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Not Seventeen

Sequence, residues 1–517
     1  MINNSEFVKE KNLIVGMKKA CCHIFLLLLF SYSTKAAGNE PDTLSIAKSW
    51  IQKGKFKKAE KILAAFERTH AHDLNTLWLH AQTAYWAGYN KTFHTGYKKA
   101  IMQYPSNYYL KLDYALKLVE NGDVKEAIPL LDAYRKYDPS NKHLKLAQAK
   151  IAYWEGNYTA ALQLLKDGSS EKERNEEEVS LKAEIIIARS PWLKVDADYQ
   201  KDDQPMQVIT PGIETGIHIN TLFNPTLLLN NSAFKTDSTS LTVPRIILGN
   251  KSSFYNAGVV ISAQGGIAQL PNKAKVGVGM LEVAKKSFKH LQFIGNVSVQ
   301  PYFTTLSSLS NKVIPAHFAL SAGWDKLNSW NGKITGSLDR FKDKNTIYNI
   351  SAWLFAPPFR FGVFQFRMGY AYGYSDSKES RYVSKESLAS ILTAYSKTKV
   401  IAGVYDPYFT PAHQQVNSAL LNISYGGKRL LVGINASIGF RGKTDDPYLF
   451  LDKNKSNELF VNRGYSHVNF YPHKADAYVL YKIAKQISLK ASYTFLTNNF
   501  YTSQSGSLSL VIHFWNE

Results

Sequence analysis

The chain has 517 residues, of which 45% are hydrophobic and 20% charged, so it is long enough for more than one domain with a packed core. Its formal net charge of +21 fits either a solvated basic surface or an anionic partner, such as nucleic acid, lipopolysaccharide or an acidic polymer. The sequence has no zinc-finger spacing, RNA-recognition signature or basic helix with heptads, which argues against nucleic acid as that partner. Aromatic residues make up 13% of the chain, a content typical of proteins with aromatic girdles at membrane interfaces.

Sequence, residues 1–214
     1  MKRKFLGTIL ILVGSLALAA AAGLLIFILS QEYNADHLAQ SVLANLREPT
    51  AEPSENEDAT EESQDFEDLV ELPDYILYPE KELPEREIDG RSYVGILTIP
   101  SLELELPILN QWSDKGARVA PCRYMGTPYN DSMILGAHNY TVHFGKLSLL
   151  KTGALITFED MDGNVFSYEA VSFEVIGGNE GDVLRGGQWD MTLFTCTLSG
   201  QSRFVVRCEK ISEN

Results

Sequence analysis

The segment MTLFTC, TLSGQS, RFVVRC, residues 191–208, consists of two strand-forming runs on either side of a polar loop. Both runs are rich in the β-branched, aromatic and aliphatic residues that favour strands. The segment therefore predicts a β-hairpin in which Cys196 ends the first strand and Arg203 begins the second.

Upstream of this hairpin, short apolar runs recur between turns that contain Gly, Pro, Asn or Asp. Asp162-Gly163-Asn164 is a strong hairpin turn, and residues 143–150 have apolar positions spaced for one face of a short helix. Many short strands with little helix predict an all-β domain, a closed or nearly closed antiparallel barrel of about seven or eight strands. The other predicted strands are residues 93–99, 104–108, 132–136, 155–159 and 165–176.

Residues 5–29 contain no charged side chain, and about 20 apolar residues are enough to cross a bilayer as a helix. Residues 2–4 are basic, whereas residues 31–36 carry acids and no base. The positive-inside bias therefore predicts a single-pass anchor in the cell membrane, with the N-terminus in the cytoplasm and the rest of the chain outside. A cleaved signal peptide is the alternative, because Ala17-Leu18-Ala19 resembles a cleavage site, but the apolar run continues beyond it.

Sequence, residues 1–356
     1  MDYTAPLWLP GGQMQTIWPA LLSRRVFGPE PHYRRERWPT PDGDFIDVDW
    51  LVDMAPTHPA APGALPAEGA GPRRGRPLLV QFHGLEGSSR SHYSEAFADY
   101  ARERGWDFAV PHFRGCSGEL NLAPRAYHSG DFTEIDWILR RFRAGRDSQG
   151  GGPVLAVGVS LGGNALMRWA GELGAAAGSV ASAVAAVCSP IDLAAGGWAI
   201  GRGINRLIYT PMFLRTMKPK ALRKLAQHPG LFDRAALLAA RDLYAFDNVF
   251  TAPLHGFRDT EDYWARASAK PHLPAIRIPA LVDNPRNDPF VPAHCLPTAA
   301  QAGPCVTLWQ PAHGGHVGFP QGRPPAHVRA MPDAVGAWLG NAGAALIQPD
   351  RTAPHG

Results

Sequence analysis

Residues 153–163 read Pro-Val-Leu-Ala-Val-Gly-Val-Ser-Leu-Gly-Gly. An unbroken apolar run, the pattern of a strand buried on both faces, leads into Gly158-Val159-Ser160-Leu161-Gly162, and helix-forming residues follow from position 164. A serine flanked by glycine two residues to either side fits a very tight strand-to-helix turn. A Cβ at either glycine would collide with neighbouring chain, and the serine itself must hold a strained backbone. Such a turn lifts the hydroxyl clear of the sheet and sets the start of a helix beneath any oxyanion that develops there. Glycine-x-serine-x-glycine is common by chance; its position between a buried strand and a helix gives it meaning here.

Mandalay: Solace